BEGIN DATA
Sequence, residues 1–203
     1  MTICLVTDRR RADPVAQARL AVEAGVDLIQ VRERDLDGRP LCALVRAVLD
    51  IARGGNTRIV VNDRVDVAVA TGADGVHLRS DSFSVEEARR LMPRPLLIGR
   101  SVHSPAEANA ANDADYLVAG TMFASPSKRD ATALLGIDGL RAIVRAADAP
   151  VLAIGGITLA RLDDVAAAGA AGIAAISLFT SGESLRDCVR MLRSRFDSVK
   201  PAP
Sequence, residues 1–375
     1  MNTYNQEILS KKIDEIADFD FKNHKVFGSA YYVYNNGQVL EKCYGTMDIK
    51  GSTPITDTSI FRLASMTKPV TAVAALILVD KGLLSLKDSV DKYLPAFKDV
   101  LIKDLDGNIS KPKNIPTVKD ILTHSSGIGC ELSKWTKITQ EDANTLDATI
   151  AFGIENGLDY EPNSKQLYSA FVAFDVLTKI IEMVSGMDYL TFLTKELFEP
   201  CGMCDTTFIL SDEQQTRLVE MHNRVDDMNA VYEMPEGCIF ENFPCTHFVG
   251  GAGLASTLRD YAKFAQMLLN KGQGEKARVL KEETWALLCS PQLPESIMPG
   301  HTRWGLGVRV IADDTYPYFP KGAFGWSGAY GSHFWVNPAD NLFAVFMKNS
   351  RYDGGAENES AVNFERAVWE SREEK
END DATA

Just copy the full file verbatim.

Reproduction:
Sequence, residues 1–203
     1  MTICLVTDRR RADPVAQARL AVEAGVDLIQ VRERDLDGRP LCALVRAVLD
    51  IARGGNTRIV VNDRVDVAVA TGADGVHLRS DSFSVEEARR LMPRPLLIGR
   101  SVHSPAEANA ANDADYLVAG TMFASPSKRD ATALLGIDGL RAIVRAADAP
   151  VLAIGGITLA RLDDVAAAGA AGIAAISLFT SGESLRDCVR MLRSRFDSVK
   201  PAP
Sequence, residues 1–375
     1  MNTYNQEILS KKIDEIADFD FKNHKVFGSA YYVYNNGQVL EKCYGTMDIK
    51  GSTPITDTSI FRLASMTKPV TAVAALILVD KGLLSLKDSV DKYLPAFKDV
   101  LIKDLDGNIS KPKNIPTVKD ILTHSSGIGC ELSKWTKITQ EDANTLDATI
   151  AFGIENGLDY EPNSKQLYSA FVAFDVLTKI IEMVSGMDYL TFLTKELFEP
   201  CGMCDTTFIL SDEQQTRLVE MHNRVDDMNA VYEMPEGCIF ENFPCTHFVG
   251  GAGLASTLRD YAKFAQMLLN KGQGEKARVL KEETWALLCS PQLPESIMPG
   301  HTRWGLGVRV IADDTYPYFP KGAFGWSGAY GSHFWVNPAD NLFAVFMKNS
   351  RYDGGAENES AVNFERAVWE SREEK